1922 INDY 500: Two Boys, a Train and the Making of a Race Fan

Stephen Cox Blog Presented by McGunegill Engine Performance Here’s a short story to help you enjoy this year’s 102nd running of the Indianapolis 500. In the spring of 1922, Alton Hartley was a college student at Purdue University in West Lafayette, Indiana. He and a friend decided they wanted to attend the 10th International 500 Mile Sweepstakes, as the race was then known, on Tuesday, May 30th. Having no car, Hartley and his friend needed a cheap method of transportation for the 65-mile southbound trip to Indianapolis and the local freight train beckoned. Hopping trains was illegal and considered trespassing in Read More

DRIVER EGO: The Key to Building a Successful Racing Series

. The Stephen Cox Blog is Presented by McGunegill Engine Performance The easiest way to increase car count in short track racing and amateur road racing is to keep your drivers happy. Really happy. Fortunately, there is a very effective and affordable way to do that. It was four o’clock on a Sunday afternoon, August 29, 2004. It was blazing hot at the Hallett Motor Racing Circuit just outside of Tulsa. Although we missed the setup and were posting slower-than-usual lap times, we won the GT-2 qualifying race after the leader retired with a broken supercharger belt. I climbed out Read More

INDYCAR: What’s Missing at St Pete’s Season Opener

The Stephen Cox Blog is Presented by McGunegill Engine Performance Qualifying for an Indycar race is no longer considered a unique accomplishment in the auto racing world. Of course, qualifying well is still valued. But qualifying itself is not, because every team that shows up automatically makes the race. This is one of the unspoken differences between Indycar racing today and Indycar racing of the past. Once upon a time, simply putting the car in the field was a noteworthy accomplishment in motorsports because there were more teams, cars and drivers than available entry positions in America’s highest open wheel Read More

Are Grid Girls the Next Casualties in the War for Political Correctness?

Stephen Cox Blog Presented by McGunegill Engine Performance Auto racing’s long-standing tradition of grid girls seems to be in trouble. It was early 2015 when the World Endurance Championships (WEC) got rid of them, and Formula 1 may be next. Director Ross Brawn of Liberty Media, the new controlling group of Formula 1, recently said that the tradition of grid girls is being reconsidered. For the uninitiated, “grid girls” are the pretty women who stand beside the race cars prior to many events to hold grid markers and sponsor signs, and, well… look pretty. Traditionally, grid girls have dressed to Read More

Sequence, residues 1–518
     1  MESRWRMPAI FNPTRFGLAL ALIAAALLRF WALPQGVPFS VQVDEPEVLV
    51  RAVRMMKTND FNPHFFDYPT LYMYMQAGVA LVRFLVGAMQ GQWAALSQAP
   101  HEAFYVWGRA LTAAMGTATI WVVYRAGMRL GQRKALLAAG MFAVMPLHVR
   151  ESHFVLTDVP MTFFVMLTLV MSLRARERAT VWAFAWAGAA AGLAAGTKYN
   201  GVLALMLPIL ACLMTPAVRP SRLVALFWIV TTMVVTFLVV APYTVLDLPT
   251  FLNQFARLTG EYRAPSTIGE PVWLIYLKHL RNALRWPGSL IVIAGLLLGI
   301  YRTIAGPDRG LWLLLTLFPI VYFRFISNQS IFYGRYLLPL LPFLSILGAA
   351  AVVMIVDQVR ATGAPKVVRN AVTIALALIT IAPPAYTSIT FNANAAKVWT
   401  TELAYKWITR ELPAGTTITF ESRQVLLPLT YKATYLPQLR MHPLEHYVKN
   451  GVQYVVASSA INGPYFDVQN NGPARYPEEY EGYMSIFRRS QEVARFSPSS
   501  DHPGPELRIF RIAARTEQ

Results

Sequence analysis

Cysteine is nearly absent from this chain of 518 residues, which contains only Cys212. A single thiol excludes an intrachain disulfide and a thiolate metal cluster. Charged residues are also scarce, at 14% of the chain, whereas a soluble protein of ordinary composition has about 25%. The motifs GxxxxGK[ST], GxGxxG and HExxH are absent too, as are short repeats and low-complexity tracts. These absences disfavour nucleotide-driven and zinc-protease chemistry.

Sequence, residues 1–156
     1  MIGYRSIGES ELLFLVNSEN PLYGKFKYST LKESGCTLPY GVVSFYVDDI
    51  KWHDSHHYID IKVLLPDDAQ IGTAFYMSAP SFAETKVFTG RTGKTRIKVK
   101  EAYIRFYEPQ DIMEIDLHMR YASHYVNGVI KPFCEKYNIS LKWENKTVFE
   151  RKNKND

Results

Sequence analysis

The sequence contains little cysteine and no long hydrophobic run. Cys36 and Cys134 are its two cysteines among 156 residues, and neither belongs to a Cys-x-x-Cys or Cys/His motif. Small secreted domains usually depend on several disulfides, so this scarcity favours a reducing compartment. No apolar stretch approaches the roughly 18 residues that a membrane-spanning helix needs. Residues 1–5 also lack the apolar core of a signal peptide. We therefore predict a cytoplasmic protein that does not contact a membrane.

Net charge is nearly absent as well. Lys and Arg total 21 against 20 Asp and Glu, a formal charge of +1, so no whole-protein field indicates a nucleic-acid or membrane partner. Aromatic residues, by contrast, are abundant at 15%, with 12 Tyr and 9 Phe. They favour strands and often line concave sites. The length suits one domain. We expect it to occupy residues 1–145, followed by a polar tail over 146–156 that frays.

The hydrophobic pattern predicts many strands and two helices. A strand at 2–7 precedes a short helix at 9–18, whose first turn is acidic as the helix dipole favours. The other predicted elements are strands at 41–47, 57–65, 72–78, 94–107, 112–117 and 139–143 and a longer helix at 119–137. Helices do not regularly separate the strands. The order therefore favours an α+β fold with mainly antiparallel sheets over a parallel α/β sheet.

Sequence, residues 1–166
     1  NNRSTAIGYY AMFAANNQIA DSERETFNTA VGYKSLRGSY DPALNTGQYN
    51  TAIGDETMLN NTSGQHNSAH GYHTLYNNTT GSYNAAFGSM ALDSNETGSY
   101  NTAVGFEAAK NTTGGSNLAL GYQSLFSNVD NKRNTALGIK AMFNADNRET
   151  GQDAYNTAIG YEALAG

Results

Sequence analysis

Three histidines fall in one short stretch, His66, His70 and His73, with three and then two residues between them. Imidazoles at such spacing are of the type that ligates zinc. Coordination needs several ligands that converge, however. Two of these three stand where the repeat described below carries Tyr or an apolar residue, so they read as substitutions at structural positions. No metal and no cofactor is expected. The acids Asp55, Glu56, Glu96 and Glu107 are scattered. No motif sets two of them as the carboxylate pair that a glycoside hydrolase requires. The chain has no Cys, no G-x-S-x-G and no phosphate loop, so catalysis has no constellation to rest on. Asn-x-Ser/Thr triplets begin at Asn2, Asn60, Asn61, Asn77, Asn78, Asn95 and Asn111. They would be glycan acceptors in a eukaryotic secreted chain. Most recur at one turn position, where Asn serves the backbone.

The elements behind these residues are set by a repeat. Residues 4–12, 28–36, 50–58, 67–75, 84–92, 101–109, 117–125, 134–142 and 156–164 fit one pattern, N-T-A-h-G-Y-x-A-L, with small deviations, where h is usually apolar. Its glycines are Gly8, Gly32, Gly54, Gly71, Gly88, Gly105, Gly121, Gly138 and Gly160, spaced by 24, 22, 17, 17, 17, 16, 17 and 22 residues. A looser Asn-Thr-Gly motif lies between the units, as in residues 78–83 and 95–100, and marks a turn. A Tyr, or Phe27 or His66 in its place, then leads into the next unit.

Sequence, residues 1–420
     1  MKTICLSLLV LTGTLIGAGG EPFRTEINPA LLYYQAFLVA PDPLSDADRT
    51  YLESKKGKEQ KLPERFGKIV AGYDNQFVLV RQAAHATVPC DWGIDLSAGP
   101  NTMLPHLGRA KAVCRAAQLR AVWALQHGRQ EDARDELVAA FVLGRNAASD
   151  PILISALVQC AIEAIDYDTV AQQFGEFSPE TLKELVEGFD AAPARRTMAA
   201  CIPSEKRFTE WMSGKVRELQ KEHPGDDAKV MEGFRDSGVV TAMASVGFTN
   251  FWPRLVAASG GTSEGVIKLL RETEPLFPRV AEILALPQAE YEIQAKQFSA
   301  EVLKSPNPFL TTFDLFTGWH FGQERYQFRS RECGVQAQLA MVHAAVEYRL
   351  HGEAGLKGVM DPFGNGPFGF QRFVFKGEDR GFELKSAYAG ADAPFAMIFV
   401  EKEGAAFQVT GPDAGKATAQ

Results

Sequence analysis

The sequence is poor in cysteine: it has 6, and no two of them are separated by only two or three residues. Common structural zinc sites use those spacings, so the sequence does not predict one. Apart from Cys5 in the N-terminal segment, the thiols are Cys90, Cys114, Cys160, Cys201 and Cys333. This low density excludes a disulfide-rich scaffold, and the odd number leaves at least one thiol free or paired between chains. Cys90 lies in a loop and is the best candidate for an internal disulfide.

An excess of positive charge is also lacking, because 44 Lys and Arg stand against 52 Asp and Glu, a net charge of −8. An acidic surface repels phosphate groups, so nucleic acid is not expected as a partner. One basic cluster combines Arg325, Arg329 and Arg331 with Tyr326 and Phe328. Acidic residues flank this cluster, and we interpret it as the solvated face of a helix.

THIS Will Bring Fans Back to the Races!

Stephen Cox Blog Presented by McGunegill Engine Performance The past few years have brought every gimmick imaginable to auto racing. NASCAR holds races that three people can win. The ever-changing playoff system (a gimmick in itself) functions like an automotive version of musical chairs. Indycar’s gimmicks are even worse. They tried mandating overpriced “body kits” to make their field of 33 identical Dallara chassis look like something other than a field of 33 identical Dallara chassis. Their “Fast Nine” and “Fast Six” qualifying gimmick hasn’t revived interest in pole day although it’s proven very effective at totally confusing fans. Instead Read More

INDYCAR: Lyn St. James on Indy, Driving Again & Advice for Today’s Drivers

May 23, 2017 Stephen Cox Blog Presented by McGunegill Engine Performance Indycar fans fell in love with Lyn St. James in 1992 when she won the Indy 500 Rookie of the Year award and kicked off a decade-long open wheel career that would eventually include nine starts at the Brickyard. She worked her way up through the road racing ranks, starting with a 1970’s Ford Pinto as her first race car. It took four years of sponsor hunting before she was able to land an Indy ride with Dick Simon Racing, which specialized in bringing new drivers to Indianapolis. Although Read More

INDY 500: Bump Day Happened This Week And No One Noticed

Stephen Cox Blog Presented by McGunegill Engine Performance As most racing fans know, two-time Formula 1 champion Fernando Alonso is slated to run the Indianapolis 500 in a Honda-powered entry from Andretti Autosport. Less well known is the fact that my Electric GT Championship competitor, Stefan Wilson, was bumped out of his confirmed seat with Andretti so that Alonso could inherit the ride. In return for quietly stepping away from a confirmed Indy 500 seat, Wilson was promised a grab bag of favors including preferential treatment for a future ride. This deal makes sense for everyone on a lot of Read More

STEALING THE 500: The Story of Carroll Shelby’s 1968 Turbine-Powered Indycars, Part 2 of 2

September 7, 2016
Stephen Cox Blog Presented by McGunegill Engine Performance
 
 
(Read Part 1 by clicking here) Ken Wallis was running out of time. Both of Carrol Shelby's turbine-powered cars were now at Indianapolis but they were nowhere near race-ready condition. His drivers, McLaren and Hulme, had only a six-day window before they returned to Europe for the Spanish Grand Prix.
 
In a desperate bid to make the cars competitive, Wallis used a liberal interpretation of USAC's rules to design a new annulus (the engine opening that fed air to the turbine). When measured by technical inspectors, the annulus was under the legal 16-inch limit. But at full throttle on the race track, a variable valve system opened to permit greater air flow into the turbine. At best, this was a careful translation of the rules. If they were caught there was no guarantee that USAC wouldn't immediately disqualify the Shelby/Wallis Turbines. Such a move would be an unmitigated disaster not only for the team principals, but also for Goodyear, their drivers and their sponsors.